Lord Justice Mummery’s comments came after the end of a long legal dispute between two neighbours over a small strip of gravel between their homes.

The details of the dispute are less important than the fact that Lord Justice Mummery felt the cost of legal action for both sides was out of all proportion to the value of the land in dispute.

He said such actions lead to immeasurable human misery: “The court would be failing in its duty if it did not draw on the extensive experience to warn others that the only certainty in this kind of case is that the financial outlay is almost always more than the disputed property is worth.”

It is always better for disputes to be settled amicably with neighbours communicating one to one in a civilised manner, but if this is not possible, both sides
should seek professional advice before attitudes begin to harden.

Clarification of the legal position may help resolve the problem right at the outset.

For example, you may not want your neighbour to come on to your land to carry out repairs but he may be entitled to do so if a legal right of entry is specified in the property’s legal documents. Even if there is no automatic entitlement, he can still apply to the County Court for an access order allowing him to enter your land.

Boundary disputes can often be resolved simply by referring to the title or lease documents. If they are not clear then it may be necessary to call in a solicitor or surveyor who should be able to help you reach a sensible solution.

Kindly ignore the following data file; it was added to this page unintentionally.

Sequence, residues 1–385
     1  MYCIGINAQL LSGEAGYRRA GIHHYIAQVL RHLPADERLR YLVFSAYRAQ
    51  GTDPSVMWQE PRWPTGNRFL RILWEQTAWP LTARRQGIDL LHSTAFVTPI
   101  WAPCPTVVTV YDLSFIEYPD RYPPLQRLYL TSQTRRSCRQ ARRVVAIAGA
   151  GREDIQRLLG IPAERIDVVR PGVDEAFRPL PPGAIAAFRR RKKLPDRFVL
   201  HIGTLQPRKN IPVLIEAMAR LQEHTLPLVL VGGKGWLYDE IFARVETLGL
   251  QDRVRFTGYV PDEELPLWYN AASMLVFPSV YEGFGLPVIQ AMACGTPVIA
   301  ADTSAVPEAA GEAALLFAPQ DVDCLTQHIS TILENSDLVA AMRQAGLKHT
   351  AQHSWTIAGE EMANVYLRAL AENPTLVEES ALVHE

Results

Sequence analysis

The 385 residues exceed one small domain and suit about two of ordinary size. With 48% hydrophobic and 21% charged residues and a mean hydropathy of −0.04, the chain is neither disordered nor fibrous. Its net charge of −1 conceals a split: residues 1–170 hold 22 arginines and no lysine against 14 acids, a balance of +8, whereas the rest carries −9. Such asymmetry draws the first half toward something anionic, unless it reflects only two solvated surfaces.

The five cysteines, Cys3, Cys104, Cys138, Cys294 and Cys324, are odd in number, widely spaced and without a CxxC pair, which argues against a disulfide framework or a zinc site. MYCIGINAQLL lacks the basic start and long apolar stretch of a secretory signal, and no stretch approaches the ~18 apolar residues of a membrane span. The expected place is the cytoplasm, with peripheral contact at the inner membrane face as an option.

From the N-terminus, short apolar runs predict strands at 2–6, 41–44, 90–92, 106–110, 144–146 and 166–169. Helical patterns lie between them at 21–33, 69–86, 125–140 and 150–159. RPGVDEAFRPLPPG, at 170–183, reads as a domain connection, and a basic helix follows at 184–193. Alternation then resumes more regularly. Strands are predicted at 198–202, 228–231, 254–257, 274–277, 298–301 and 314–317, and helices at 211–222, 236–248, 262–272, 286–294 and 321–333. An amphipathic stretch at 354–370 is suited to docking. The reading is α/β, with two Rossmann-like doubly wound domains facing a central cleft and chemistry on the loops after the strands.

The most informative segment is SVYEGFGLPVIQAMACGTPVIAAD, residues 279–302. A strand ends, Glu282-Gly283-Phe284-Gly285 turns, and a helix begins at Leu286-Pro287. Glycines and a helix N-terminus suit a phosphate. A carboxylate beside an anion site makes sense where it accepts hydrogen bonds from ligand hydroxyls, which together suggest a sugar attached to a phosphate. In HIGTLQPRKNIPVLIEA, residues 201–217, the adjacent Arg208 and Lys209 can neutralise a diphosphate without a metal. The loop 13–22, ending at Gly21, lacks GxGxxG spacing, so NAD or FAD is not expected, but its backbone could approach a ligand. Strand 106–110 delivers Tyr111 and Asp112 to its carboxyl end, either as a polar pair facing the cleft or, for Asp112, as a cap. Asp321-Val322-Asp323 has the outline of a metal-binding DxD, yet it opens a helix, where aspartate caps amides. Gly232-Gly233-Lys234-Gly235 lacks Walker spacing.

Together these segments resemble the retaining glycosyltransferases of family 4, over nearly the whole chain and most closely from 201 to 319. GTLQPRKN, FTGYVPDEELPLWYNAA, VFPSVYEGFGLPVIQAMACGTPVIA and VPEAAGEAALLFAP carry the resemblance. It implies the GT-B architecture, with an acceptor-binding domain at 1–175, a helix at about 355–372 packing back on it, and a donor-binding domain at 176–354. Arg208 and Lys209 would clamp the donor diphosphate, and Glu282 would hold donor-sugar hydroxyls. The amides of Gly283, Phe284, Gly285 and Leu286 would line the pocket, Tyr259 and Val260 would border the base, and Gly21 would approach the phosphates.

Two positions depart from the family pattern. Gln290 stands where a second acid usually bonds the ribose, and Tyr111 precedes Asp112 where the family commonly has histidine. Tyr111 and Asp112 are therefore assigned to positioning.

The same applies to shared amenities such as drains and pipes, driveways and roofs. Your right to use them and your responsibility to maintain them should be laid down in the property’s legal documents.

The situation may be more complicat
ed if a person’s right to use a facility such as a chimney, for example, to erect an aerial is not written down but has become established through long and continuous use. If that use has not been challenged over the years then it could become an entitlement.

If problems persist then there are still things you can do before heading for the courts. Lord Justice Mummery urged people to use mediation with the help of specialists such as solicitors and surveyors. This has several advantages.

It will be far cheaper than court action and less stressful. Trained mediators can help bring both parties together to negotiate a settlement that is fair to both

If agreement still can’t be reached then litigation may become necessary. However, it is vital to ensure that the dispute doesn’t escalate to a point where the costs involved are out of proportion to the value of the claim.

Please contact us if you would like more inf
ormation about dealing with neighbour disputes.

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